To prove your own identity, you will need to provide a U.S. driver’s license, a state ID card, or a U.S.

passport. If you do not have any of these, then you will be asked to provide an Employee ID card, a School ID card, a Health insurance card, a U.S.

military ID card, or a life insurance policy. Note that these must be originals or copies certified by the issuing agency; notarized copies or photocopies are not acceptable.

Note that you must provide at least TWO documents in total to fulfill requirements of proving age, identity, and citizenship.

One document can be used more than once (e.g. your baby’s U.S. passport can be used both to prove citizenship and identity, or a birth certificate can be used to prove both age and citizenship) but you need a minimum of two documents for your baby.

Take the supporting information to your nearest SSA office.

Take the supporting information and the application form if you filled or printed one out already.

You can use the SSA office locator, available here, to get a list of SSA offices near you.

Forms are also available at the SSA office and can be filled out at the time of application.

Once your forms are checked and your supporting documents verified, your application will be submitted and you will receive your baby’s SS card with her SS number printed on the front in the mail usually a few weeks after submitting the application.

Remember that your baby’s name may be required to appear on your mailbox in some localities for the Post Office to deliver mail in your baby’s name.

Applying for a Social Security Number for Foreign-Born Adopted Children

Fill out the application.

If you are adopting a foreign-born baby, your baby automatically acquires U.S.

citizenship after recent changes to the law.

In the case of foreign-born adopted children, the application form is the same as for other children but the supporting documentation and procedures might differ slightly.

Begin by filling out the application form (Form SS-5), available here.

This form is a fillable PDF and can be filled online before printing or printed out and filled in ink.

The forms are also available at SSA offices and can be filled out on the day of application.

Take your DHS documents to the SSA office.

The difference between other applications and applications for foreign-born adopted children is that although foreign-born adopted children now acquire U.S.

citizenship automatically, they do not have proof of U.S. citizenship traditionally used for SS card applications.

In this case, you can take the immigration documents issued to you by the Department of Homeland Security (DHS) for your adopted baby.

Submit the application with the DHS documents and the SSA will issue your baby an SS number.

Note that at this stage, your baby’s record with the SSA will not show that she is a U.S.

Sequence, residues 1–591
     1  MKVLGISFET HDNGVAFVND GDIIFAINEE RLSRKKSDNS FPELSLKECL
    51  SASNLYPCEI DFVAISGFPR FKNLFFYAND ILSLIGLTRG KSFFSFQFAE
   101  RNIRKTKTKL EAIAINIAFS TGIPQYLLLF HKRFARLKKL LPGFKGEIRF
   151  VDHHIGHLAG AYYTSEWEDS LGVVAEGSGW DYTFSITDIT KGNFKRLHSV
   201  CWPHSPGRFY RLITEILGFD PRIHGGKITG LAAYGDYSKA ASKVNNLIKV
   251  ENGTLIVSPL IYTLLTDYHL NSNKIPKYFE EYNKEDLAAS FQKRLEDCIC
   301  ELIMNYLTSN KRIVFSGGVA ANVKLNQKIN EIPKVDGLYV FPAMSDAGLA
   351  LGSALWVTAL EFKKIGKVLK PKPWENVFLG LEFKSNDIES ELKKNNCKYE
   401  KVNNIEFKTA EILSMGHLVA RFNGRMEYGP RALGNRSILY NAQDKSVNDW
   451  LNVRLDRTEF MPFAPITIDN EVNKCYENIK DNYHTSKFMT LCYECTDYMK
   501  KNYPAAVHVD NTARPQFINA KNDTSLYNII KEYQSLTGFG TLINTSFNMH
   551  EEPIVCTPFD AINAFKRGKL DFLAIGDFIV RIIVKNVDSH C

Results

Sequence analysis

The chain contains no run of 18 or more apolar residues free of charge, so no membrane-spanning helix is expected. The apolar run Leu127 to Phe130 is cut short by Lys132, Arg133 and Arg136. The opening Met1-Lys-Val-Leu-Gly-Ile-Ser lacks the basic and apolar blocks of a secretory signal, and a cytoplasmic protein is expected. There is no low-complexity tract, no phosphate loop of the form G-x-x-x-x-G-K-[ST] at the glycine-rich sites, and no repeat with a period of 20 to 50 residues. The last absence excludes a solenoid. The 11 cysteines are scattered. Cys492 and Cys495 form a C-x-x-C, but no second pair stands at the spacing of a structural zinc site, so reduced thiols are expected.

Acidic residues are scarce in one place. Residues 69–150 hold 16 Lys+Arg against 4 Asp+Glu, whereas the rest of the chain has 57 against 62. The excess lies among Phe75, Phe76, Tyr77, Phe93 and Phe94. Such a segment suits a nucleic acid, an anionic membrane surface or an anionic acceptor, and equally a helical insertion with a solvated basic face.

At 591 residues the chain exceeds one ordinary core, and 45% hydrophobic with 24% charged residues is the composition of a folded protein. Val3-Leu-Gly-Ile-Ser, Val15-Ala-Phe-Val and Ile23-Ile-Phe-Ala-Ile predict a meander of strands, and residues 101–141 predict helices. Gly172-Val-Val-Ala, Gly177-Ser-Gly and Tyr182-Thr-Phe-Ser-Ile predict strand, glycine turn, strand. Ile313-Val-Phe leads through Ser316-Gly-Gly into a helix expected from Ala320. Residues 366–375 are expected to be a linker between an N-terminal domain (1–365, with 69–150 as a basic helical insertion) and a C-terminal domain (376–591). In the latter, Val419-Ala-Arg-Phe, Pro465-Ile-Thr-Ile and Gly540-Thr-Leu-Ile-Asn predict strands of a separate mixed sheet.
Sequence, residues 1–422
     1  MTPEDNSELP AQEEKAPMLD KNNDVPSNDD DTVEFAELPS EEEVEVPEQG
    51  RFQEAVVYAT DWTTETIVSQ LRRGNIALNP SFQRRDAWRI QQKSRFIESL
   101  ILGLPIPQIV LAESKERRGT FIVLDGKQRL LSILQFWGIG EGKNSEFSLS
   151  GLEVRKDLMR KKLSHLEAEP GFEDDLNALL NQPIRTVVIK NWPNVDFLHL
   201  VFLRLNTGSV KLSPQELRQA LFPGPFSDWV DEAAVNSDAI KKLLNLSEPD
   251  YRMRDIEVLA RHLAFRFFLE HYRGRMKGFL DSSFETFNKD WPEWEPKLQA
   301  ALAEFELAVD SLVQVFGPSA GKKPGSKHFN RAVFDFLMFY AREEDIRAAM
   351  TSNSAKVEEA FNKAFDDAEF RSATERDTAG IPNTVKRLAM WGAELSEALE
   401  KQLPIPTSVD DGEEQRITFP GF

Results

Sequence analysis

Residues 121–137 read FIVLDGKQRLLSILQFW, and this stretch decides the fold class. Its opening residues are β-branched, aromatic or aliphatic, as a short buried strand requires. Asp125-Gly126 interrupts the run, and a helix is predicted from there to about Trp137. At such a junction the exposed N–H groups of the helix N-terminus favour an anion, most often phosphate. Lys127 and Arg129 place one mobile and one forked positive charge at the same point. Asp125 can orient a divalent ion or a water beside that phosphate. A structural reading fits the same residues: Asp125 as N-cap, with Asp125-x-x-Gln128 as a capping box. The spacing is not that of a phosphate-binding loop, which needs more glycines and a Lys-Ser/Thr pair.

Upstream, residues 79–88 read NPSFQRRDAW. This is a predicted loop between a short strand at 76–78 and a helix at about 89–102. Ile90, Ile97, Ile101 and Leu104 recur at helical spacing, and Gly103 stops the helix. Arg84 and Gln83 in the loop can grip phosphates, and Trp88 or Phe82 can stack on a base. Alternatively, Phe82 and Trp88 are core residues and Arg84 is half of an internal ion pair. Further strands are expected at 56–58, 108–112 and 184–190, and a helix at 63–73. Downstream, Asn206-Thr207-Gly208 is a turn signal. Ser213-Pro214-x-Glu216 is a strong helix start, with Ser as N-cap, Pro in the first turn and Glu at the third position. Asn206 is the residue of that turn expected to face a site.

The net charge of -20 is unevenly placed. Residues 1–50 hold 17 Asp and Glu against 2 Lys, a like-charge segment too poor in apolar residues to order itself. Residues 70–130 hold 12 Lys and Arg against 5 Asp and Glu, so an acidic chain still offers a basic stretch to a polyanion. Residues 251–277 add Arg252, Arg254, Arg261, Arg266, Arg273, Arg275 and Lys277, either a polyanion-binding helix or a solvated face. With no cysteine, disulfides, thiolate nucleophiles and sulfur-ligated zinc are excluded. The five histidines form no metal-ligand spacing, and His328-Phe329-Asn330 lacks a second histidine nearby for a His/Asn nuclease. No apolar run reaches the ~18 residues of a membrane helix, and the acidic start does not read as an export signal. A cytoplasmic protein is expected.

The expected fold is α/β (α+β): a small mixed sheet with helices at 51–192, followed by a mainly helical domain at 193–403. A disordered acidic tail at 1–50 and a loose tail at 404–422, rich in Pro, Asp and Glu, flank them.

citizen, and you will require a proof of citizenship document to update her record later.

Prove your child's age.

Just as in the case of other children, you will need to prove your baby’s age to the SSA office. You can use your child’s foreign birth certificate to prove her age.

Prove your child's identity.

Just as in the case of other children, you will need to prove your baby’s identity to the SSA office.

Acceptable identity documents, all of which must be originals or certified by the issuing agency, include:

The adoption record;
A United States DHS immigration document;
Doctor, clinic or hospital records;
Daycare center or school records;
A religious record (e.g. a Baptismal record).

Revisit the SSA office to update your baby's citizenship record.

The Child Citizenship Act 2000 grants a foreign-born adopted child automatic citizenship without a citizenship document.

However, you can apply for a proof of citizenship document for your foreign-born adopted baby (e.g. a Certificate of Citizenship from DHS or a U.S. passport from the Department of State).

Either one of these documents can be used to prove your baby’s U.S. citizenship.

Take one of these documents with you again to the SSA office to update their records so that the SSA records now show that your child is a U.S. citizen.

Share on facebook
Facebook
Share on linkedin
LinkedIn
Share on twitter
Twitter
Share on pinterest
Pinterest
ismael

ismael

7 thoughts on “How to Apply for a Social Security Number for a Baby”

  1. Merely a smiling visitant here to share the love (:, btw outstanding design and style. “The price one pays for pursuing a profession, or calling, is an intimate knowledge of its ugly side.” by James Arthur Baldwin.

  2. I simply want to tell you that I am newbie to blogging and site-building and honestly enjoyed your web site. Very likely I’m planning to bookmark your blog . You amazingly have outstanding posts. Thanks a bunch for sharing with us your web site.

  3. hey there and thank you for your information – I’ve certainly picked up anything new from right here. I did however expertise a few technical issues using this website, since I experienced to reload the site many times previous to I could get it to load properly. I had been wondering if your web hosting is OK? Not that I am complaining, but sluggish loading instances times will very frequently affect your placement in google and can damage your quality score if advertising and marketing with Adwords. Anyway I’m adding this RSS to my email and can look out for much more of your respective intriguing content. Make sure you update this again soon..

  4. I simply want to tell you that I am just beginner to blogs and actually savored this web site. Likely I’m want to bookmark your blog post . You really have really good posts. Thanks for sharing your web site.

  5. I simply want to say I am just newbie to weblog and absolutely enjoyed you’re blog. Probably I’m planning to bookmark your blog post . You absolutely have awesome well written articles. Regards for sharing with us your blog site.

Leave a Comment

Your email address will not be published. Required fields are marked *

Latest Posts

Featured Posts

Share on facebook
Facebook
Share on linkedin
LinkedIn
Share on twitter
Twitter
Share on pinterest
Pinterest